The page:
Hillary McTigue: Having a manager who is an advocate is essential. It’s very important to understand your team and what they want in their careers. Don’t assume that everyone wants the same thing.
Shadi Rostami: We all talk about diversity, but the more important thing is inclusivity. If you create an inclusive environment where women can speak up, it enables another perspective in the room. All of us bring such different, vast experiences to the workplace. If we let everybody find their voice, the brain of the group becomes much bigger than the sum of the different people. That’s what makes a company successful.
How can companies break the bias surrounding women in technology and enhance gender equality in the workplace?
Jeanette Gamble: Benefits! I have the luxury of working for a big, global company that puts immense focus into supporting women. But these changes were only made from people pulling together and being really loud about what we need to retain women in the workforce.
Jean Xu: A few years back, I felt that as long as I treated everyone fairly, bias wouldn't exist. But that mindset totally changed after I joined Palo Alto Networks. Our company focuses on diversity and inclusion. We have recruitment policies for the way we form interview panels, and inclusion/diversity is measured in our performance review as well as in the core company values. It’s really helped to change the way I look at issues attached to diversity and inclusion, and also prevent unintentional bias from happening.
How important is it to break the bias early in life — and how can we get better at supporting gender equality from a young age?
Harsha Jalihal: I grew up in India, where society was and in some ways is very patriarchal. If it hadn’t been for my father’s approach to raising me — not as a boy or girl, but as a human being — I don’t know that I would have developed the self-confidence I have today. Every opportunity I had to do something that was against the norm, my father was always there, unconditionally supporting me.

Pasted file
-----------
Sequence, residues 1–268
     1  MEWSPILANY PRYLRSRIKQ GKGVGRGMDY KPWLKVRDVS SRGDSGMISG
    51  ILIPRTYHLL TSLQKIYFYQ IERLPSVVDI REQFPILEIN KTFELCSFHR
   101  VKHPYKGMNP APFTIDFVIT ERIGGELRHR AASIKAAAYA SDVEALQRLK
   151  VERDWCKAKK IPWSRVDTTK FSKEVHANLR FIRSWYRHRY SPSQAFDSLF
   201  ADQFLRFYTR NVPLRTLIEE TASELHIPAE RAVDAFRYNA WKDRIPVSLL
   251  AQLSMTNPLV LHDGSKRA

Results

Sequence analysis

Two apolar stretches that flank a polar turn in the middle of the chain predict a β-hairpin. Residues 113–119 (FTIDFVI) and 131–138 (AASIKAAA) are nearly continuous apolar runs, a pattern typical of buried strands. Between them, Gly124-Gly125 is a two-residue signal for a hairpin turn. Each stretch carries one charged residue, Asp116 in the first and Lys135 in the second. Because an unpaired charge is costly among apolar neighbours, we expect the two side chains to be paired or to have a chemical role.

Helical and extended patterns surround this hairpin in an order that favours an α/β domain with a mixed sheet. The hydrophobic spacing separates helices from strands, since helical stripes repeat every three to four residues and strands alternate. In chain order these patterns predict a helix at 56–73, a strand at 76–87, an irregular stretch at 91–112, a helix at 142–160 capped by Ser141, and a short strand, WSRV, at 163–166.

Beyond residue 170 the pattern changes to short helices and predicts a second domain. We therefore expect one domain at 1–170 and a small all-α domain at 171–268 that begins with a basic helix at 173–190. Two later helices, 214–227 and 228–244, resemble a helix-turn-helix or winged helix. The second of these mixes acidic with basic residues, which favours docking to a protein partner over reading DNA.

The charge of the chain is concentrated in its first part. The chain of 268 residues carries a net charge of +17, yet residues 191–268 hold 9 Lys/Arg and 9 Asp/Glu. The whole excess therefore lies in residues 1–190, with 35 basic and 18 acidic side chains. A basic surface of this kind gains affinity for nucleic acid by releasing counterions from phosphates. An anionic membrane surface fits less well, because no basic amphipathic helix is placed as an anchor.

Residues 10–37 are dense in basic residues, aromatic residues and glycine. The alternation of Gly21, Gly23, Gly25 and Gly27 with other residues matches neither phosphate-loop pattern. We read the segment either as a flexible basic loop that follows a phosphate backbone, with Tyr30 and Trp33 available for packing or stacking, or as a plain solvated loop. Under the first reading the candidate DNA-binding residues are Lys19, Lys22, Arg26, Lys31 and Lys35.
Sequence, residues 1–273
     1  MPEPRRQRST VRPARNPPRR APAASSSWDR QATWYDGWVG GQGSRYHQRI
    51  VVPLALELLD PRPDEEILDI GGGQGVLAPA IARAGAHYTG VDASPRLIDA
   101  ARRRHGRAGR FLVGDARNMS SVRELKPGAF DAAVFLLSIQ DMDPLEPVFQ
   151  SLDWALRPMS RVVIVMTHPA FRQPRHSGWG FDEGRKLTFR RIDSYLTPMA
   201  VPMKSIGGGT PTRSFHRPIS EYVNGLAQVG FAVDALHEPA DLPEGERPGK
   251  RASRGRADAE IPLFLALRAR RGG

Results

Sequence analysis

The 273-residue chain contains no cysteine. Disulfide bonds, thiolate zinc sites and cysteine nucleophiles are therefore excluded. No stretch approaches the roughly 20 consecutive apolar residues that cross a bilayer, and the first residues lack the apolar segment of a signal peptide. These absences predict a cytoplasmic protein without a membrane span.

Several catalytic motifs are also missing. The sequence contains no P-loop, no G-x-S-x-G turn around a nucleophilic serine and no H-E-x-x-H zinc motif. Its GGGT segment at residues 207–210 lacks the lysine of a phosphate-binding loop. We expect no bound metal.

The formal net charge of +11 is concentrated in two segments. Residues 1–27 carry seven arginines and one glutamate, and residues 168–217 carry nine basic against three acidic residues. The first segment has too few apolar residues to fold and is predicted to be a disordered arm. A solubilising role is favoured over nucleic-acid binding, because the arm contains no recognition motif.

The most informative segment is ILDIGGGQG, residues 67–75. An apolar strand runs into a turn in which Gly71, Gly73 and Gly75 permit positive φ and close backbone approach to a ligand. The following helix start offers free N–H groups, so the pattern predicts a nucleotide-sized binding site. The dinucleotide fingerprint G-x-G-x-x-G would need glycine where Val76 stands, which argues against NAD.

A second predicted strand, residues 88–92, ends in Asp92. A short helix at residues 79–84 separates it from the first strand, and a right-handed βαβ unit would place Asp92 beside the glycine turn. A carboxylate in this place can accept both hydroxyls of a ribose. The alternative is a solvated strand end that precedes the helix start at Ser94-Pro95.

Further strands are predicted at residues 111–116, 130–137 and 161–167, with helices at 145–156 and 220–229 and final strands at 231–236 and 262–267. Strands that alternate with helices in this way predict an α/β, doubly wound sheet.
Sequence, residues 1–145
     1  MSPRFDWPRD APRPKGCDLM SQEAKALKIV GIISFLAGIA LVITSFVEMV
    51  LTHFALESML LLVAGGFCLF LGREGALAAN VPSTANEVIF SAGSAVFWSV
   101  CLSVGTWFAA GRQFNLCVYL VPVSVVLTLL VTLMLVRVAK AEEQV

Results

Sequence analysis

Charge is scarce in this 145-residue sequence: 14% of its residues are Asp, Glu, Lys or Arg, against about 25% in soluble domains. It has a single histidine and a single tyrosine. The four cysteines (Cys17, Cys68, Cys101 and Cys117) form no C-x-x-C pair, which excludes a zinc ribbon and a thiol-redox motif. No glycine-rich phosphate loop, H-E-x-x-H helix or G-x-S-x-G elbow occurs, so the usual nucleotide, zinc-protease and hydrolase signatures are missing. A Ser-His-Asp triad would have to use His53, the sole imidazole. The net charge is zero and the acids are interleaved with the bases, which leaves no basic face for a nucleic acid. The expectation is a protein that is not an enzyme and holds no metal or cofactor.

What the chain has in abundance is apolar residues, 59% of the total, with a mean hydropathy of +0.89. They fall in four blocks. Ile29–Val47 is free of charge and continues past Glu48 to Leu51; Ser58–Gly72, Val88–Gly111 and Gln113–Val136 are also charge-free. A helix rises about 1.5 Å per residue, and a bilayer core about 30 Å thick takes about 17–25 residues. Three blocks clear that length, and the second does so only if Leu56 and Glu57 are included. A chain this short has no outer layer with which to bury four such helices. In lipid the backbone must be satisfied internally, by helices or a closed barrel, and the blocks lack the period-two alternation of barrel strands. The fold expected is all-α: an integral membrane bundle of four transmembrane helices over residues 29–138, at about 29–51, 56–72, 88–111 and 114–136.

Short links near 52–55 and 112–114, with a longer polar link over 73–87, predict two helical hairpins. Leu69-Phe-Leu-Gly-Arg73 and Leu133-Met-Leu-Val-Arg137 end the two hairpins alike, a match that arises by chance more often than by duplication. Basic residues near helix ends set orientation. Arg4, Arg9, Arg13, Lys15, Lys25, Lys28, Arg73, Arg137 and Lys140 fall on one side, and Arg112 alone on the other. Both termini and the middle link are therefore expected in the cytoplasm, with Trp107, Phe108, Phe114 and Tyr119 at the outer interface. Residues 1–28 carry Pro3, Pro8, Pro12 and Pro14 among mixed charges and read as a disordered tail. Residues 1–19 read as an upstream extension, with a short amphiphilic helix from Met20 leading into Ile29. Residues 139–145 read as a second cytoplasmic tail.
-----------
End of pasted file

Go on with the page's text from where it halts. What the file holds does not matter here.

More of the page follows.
Now I have a son and daughter, and both see that I am in a relationship of equals. Dad can make French toast and braid hair; Mom can be out traveling for work. When men lean in at home, it makes it easier for women to lean in at work.
Jeanette Gamble: Parents tend to buy gender specific toys, games, and clothes. Introducing your daughter to Scratch or Osmo instead of Princesses and My Little Pony makes a huge difference. I'm passionate about programs like Girls Who Code. In 10 years, they've introduced technology to nearly half a million girls in North America, which is phenomenal. They have completely revolutionized how companies, parents, and schools think about technology by getting in at the grass roots.
Promoting female potential through high-profile events like International Women’s Day also helps to break biases. What does IWD mean to you?
Jeanette Gamble: To me, International Women's Day is feeling part of a community coming together to help others rise up. There's a saying that I think about a lot: “Be your best, not the best.” When you say you want to be the best at something, someone has to lose for you to succeed. International Women's Day is really about changing that and being more inclusive to make everybody feel like they belong.
Hillary McTigue: For me, it’s about empowering yourself. Don't wait for someone to tap you on the shoulder. You have the opportunity to really take control.
Shadi Rostami: The sky’s the limit. I grew up in Iran in a very patriarchal society. It was a rebellion against the system to prove that girls can achieve as much as boys. We are very, very capable and can achieve anything we want.
Jean Xu: I'm a mother of two daughters, so International Women's Day is a constant reminder that women have been through a lot, and we have achieved a lot. There are still gender disparities in our society and in the workplace. But I think together we can make a much better world for future generations.
Harsha Jalihal: For me, International Women’s Day is about breaking the biases and stereotypes that hold women back from realizing their potential. On a personal note, I think it’s also a day to celebrate the woman in me and the women in all our lives, because it's a pretty cool thing to be a woman. We should take a moment to feel proud about how far we've come.